It seems like the blogosphere is bursting with posts about the sights and smells of fall: stunning leaves with vibrant hues of orange, red and yellow, delicious recipes featuring pumpkin and apple, funky Halloween crafts. Meanwhile, many Dubai bloggers are celebrating our version of fall. “Woo hoo! We’re below 100F! (38C)” “Yay! The treacherous, accident-inducing fog is here! That means cooler temperatures are right around the corner!”
Of course it still feels nothing like fall. Yes, October finally ushered in temperatures below 100 for the first time since April, but it’s still around 95F (35C). Spending the entire summer here really has put a different spin on living in Dubai, and through it all, I complained left right and center. But honestly, the thing that bothered me most was seeing the guys who work in the sun, day-in and day-out, even when the heat index was a mind-boggling 125F (52C). There are a seemingly endless number of men planting new flowers in medians and along highways, washing cars in countless parking lots across the city, and building Dubai’s villas, skyscrapers and mosques.
The ones I get to know personally, though, are the gardeners who come to our house every single day except Friday. Everyone who has any green space to speak of employs one, and they only charge 200dhs – 400dhs ($55-$110) for the entire month. Who knows how much they actually take home if they work for someone else like ours do. They ride their tool-carrying bikes around the city to get from house to house which affords no break from the relentless heat.
Do we really need a gardener? Not really. We have a small yard and a few pots. But these guys really want and need a job. They often ring the doorbell, hoping to steal another gardener’s job and astutely point out how terrible your yard currently looks. But let’s be honest, it isn’t all charity because it is really nice to not have to worry about watering anything, ever. We’ve had four gardeners in the two years we’ve lived here. Habib, Ali, Assad and now Waqar.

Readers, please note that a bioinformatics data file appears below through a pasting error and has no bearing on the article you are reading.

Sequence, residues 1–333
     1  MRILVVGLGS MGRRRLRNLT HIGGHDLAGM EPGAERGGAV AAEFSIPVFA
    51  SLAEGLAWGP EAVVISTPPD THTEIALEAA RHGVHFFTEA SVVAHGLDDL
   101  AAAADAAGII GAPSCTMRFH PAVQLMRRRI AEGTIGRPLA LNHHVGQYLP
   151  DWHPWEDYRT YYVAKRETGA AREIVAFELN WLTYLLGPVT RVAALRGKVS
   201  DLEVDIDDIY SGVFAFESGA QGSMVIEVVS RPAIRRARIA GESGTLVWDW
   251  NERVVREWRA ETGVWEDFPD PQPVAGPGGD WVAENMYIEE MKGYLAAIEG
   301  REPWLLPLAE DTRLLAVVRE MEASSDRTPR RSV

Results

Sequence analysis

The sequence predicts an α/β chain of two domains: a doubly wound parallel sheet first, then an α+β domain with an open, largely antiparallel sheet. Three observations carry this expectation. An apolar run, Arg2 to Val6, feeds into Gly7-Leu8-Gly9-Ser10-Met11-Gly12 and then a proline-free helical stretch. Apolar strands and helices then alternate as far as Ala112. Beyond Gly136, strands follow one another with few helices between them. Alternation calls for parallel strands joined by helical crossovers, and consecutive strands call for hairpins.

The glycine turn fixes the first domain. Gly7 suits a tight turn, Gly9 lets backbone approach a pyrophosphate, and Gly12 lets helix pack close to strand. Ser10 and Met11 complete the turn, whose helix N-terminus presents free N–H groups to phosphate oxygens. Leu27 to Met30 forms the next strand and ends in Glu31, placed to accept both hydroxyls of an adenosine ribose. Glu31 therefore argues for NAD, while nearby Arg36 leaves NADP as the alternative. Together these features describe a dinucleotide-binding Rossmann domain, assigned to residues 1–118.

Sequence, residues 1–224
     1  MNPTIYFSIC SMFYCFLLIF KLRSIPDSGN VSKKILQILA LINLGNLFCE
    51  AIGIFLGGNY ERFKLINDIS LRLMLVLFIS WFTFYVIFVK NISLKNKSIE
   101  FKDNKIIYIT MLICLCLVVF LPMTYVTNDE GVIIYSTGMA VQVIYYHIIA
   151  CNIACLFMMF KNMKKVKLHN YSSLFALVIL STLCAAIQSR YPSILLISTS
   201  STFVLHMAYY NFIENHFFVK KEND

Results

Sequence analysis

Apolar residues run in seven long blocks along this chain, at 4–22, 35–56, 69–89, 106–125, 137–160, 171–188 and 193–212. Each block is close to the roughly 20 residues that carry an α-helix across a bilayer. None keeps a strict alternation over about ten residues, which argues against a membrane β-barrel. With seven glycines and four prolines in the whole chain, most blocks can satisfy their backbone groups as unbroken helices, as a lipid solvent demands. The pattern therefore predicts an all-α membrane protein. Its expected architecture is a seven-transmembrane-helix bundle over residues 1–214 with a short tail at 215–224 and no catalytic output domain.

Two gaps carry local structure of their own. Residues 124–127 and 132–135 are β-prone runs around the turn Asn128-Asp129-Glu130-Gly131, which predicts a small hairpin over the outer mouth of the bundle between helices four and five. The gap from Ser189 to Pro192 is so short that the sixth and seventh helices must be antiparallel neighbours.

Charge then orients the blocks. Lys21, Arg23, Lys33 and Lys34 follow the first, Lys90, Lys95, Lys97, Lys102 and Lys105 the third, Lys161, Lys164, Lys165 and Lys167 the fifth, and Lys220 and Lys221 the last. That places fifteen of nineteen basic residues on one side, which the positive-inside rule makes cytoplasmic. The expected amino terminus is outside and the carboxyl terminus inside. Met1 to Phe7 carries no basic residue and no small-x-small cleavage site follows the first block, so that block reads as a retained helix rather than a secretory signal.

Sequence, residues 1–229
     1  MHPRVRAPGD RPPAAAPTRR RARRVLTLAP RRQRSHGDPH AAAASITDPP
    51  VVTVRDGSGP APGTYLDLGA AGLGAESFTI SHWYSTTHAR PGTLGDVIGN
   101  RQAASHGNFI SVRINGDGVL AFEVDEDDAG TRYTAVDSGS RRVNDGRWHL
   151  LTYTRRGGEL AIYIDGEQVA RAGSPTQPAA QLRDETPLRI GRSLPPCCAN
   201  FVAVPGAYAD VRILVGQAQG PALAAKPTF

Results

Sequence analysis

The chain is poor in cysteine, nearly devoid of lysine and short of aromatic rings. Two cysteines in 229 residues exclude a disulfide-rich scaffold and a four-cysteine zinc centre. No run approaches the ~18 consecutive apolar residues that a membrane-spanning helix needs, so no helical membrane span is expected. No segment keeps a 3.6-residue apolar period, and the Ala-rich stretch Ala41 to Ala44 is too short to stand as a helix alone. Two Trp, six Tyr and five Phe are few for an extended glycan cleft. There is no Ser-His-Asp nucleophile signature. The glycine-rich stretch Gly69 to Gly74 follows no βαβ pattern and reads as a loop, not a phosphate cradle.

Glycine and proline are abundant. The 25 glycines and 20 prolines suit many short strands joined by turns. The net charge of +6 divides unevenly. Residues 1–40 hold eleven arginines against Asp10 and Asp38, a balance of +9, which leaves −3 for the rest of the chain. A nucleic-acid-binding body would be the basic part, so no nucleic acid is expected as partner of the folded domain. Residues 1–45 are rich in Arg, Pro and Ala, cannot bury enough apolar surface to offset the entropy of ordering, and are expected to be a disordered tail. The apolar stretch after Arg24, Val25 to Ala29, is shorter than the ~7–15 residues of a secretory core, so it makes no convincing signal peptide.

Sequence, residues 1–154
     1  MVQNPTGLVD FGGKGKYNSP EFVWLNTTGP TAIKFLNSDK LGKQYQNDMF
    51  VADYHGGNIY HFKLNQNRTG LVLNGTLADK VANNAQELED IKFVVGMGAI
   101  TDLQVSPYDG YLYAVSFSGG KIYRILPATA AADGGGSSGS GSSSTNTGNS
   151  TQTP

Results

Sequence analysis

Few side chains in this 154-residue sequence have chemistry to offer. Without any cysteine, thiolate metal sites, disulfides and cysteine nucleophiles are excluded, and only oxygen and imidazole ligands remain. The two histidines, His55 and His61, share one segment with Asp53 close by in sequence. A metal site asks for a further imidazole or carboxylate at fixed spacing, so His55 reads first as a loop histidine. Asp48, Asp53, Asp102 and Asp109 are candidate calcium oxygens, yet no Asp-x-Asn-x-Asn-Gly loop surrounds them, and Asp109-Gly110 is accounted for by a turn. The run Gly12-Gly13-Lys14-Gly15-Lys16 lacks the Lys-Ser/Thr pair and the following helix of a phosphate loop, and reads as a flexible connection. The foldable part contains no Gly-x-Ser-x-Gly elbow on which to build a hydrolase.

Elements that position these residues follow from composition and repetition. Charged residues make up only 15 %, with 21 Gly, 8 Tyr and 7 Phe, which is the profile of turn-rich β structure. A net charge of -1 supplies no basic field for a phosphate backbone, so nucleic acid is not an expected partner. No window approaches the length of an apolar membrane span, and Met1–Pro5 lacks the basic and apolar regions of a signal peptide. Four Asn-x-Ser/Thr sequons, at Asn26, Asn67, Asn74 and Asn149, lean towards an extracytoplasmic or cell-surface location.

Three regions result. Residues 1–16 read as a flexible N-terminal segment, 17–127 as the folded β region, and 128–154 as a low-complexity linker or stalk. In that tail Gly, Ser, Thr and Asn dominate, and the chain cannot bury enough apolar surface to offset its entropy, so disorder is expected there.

Many of them seem to know very little about gardening. Assad kept bringing me half dead, weed-like plants, presumably ones that other people had thrown out. I think he was doing this to get “tips.” I didn’t have the heart to tell him to stop or get rid of them, so every time I did dishes I looked out on the pitiful, misplaced plants that he had haphazardly planted outside my kitchen window. Just last week, Assad announced he was going back home to Pakistan, but he was bringing in his brother to take his place. Mysteriously, all of these guys seem to be related. My husband and I joke about this, so he asked Assad, “Hey, is Waqar really your brother?” His response: “Oh, cousin… maybe.”
Sometimes they can be exasperatingly creative in the ways they indirectly solicit extra cash, or annoying persistent when they ask for a job over and over. But at the end of the day, I respect that they persevere in a job that is so mundane and seriously uncomfortable, and where there is zero chance for upward mobility.
I often wonder about what their life is like here and about the life they left behind in their home country…